Chris Riback: Rockets or airplanes?
Avinash Verma: Airplanes.
Chris Riback: Airplanes.
Avinash Verma: Airplanes, for sure.
Chris Riback: I was reading your background. I saw a little bit of NASA, but I also saw Austin Airport.
Avinash Verma: Oh, yes.
Chris Riback: Airplanes over rockets. Okay.
Avinash Verma: I’m also a big av geek. I like to look at planes. What are the different airlines out there? Do a lot of research on that as well. But yes, I have worked with NASA also on… So the best part is I did not work on rockets when I was in NASA. I worked on airplanes while I was in NASA.
Chris Riback: Oh. So that’s why-
Avinash Verma: I was part of their aviation department internship.
Chris Riback: I see. Okay. Well, that’s the part that I missed. And lastly, what’s next for you?
Avinash Verma: So when I joined Austin Youth Council four years ago as a freshman, really policies and municipal leadership and politics was not in my mind at all. I was just looking for an opportunity to be part of my community more, to be more engaged. And I joined this program, and I ended up really liking it. So I really do see a future in politics and in policy making. But currently, my focus is to get a bachelor’s in mechanical engineering. So I have always had that passion for cars in mind. So even my mom tells me till today, “Oh, he had his path set when he was five years old. He always wanted to do something in the automotive industry.” So that’s why I chose my high school to go to, and I’m part of the automotive program over there. So I want a bachelor’s in mechanical engineering and specialize in automotive design, get a masters, work in the field a little bit, but eventually maybe make my transition into policies and politics and bring that engineering background in mind.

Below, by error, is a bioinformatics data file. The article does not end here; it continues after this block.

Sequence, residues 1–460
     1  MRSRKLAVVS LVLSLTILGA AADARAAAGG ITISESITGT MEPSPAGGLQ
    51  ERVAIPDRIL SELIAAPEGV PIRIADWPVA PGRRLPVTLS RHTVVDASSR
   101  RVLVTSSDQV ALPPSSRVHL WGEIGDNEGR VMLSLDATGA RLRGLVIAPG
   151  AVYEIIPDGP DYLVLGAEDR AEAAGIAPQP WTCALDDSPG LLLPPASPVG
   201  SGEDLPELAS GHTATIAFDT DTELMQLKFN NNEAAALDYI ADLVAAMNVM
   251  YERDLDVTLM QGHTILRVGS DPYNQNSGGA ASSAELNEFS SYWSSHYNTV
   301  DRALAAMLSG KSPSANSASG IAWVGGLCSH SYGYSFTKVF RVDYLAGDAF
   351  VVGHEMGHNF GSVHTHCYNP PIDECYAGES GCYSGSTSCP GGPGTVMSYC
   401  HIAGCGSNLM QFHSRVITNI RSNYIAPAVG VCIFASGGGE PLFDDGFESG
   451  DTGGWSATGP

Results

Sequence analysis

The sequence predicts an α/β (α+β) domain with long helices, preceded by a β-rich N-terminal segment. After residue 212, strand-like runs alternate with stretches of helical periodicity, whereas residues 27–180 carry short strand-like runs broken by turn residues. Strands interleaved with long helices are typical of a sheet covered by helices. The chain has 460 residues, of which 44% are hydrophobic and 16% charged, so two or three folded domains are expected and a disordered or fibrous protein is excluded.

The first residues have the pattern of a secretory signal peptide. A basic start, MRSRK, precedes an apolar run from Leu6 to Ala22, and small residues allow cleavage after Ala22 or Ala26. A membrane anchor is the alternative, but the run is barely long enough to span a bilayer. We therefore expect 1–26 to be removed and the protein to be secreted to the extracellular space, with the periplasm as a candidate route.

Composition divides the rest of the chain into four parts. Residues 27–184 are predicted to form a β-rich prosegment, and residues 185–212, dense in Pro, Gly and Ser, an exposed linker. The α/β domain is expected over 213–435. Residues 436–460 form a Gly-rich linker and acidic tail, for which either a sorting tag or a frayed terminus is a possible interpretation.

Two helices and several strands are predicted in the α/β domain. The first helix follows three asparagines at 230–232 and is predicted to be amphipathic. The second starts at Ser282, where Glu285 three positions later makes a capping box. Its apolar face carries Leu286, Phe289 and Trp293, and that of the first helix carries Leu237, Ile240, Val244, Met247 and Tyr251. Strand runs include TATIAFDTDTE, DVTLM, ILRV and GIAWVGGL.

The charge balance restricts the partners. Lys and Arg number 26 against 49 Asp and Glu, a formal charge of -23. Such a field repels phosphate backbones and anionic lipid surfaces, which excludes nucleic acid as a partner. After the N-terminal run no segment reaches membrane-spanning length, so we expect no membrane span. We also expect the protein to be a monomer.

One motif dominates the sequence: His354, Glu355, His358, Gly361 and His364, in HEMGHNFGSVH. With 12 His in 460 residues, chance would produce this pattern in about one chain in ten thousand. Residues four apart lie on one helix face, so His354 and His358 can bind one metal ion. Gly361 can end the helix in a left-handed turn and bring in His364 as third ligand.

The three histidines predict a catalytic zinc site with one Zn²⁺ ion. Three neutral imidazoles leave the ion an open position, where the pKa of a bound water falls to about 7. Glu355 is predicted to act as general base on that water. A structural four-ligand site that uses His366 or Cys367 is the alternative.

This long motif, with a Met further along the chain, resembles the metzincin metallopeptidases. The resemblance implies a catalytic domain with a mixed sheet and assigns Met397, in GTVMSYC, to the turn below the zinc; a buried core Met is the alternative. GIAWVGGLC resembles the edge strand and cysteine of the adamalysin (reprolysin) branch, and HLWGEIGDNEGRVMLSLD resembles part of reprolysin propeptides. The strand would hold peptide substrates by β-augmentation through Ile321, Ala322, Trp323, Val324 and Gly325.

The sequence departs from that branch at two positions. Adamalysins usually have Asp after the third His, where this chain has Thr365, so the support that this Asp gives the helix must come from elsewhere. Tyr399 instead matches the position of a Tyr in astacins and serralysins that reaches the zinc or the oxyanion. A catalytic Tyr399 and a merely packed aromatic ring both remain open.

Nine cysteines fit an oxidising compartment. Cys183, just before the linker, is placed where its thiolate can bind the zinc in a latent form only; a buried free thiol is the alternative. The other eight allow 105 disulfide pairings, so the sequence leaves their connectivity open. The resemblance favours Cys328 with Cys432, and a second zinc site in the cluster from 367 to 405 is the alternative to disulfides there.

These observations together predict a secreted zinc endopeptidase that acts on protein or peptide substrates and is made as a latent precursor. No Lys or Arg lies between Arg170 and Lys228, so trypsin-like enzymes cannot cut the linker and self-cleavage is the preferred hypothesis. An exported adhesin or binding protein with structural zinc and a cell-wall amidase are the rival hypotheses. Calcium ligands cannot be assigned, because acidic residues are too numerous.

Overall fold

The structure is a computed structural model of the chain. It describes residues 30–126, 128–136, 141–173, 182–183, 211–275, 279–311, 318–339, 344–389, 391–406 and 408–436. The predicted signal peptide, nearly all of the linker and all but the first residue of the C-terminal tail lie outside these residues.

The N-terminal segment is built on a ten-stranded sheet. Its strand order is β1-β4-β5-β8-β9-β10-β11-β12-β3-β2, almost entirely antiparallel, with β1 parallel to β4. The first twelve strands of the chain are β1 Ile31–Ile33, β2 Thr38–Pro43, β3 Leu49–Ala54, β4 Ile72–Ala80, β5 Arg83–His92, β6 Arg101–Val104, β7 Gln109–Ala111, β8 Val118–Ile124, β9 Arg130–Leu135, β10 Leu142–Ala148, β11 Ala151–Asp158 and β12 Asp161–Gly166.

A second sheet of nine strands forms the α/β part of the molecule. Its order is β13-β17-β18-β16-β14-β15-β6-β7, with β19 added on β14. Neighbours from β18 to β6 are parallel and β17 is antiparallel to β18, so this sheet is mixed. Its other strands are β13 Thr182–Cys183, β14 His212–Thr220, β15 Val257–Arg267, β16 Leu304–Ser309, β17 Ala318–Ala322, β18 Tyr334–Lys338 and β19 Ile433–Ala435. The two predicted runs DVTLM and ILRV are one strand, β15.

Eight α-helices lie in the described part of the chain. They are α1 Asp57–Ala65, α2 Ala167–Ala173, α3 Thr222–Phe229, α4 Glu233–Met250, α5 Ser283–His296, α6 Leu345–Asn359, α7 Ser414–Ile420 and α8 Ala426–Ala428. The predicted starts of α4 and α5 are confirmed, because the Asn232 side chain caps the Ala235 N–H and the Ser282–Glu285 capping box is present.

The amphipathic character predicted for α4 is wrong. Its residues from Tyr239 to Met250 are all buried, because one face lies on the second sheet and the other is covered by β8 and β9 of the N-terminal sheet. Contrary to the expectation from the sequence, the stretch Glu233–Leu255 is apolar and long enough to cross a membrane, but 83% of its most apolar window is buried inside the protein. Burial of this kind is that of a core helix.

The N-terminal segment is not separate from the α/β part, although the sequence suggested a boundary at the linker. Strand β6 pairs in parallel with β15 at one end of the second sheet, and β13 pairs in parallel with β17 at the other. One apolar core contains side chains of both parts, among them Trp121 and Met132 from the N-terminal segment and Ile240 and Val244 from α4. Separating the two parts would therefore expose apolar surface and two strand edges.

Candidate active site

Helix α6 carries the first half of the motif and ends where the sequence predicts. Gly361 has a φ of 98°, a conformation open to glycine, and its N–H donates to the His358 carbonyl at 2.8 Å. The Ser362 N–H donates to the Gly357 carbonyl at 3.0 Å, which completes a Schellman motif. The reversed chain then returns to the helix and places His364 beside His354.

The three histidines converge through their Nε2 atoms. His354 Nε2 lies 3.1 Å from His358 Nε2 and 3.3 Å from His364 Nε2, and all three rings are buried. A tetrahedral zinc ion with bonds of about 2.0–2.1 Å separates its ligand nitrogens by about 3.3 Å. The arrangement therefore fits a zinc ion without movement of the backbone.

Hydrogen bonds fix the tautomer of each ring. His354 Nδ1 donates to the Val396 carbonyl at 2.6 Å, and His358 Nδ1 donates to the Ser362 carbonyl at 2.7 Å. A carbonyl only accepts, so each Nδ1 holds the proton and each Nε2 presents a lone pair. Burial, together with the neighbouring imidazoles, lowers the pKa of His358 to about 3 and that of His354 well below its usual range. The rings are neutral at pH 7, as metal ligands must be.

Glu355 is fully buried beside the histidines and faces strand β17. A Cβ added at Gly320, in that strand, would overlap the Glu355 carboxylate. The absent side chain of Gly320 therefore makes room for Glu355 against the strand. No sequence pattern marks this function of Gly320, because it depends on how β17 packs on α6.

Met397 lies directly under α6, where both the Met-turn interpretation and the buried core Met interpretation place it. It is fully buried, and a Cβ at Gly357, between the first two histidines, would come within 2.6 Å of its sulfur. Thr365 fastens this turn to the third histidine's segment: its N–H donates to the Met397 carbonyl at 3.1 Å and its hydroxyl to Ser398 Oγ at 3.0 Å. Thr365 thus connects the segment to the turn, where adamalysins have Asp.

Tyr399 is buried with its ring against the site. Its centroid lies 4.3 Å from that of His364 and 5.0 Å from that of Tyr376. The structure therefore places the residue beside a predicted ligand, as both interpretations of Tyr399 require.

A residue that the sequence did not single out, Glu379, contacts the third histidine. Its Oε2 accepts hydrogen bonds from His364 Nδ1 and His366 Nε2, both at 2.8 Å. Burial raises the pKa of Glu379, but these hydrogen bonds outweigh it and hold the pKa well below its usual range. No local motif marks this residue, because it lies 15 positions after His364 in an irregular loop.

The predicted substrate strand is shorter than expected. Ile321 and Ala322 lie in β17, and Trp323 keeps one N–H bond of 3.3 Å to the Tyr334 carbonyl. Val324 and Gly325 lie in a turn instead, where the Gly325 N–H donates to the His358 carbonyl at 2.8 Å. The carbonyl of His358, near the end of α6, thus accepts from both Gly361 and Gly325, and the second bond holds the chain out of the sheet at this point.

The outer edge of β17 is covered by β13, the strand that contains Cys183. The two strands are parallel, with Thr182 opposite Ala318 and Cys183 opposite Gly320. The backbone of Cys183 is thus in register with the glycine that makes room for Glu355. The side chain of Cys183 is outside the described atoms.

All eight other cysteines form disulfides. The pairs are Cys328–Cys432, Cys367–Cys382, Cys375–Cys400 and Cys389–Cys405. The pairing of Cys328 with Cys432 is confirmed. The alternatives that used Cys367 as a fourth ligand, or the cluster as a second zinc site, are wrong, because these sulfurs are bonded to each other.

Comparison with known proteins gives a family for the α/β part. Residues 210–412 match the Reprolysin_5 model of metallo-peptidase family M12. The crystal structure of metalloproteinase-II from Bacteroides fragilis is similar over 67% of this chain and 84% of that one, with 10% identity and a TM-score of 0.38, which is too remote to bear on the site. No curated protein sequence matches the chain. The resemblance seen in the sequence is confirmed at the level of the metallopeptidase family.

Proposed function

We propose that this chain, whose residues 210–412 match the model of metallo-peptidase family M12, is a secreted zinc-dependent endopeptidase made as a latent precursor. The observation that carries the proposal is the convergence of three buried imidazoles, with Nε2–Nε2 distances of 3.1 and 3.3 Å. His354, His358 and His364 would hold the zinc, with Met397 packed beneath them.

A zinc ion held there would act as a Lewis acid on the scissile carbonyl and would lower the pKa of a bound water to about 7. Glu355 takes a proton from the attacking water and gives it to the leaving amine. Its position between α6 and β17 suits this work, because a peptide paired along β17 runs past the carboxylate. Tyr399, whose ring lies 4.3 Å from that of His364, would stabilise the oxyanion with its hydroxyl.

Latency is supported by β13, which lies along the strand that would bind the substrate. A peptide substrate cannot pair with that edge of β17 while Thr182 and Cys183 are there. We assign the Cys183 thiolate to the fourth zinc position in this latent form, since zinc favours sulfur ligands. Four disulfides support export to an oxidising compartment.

Chris Riback: And at that point, that’s when you become Secretary of Transportation.
Avinash Verma: Oh, we just saw the Secretary of Transportation, Pete Buttigieg, a few hours ago. Sure. I did not think about that.
Chris Riback: Okay. Well, we’ll let him know. Leave the resume and we’ll let him know.
Avinash Verma: Sounds good.
Chris Riback: Avinash, thank you so much. Thank you for stopping by the studio.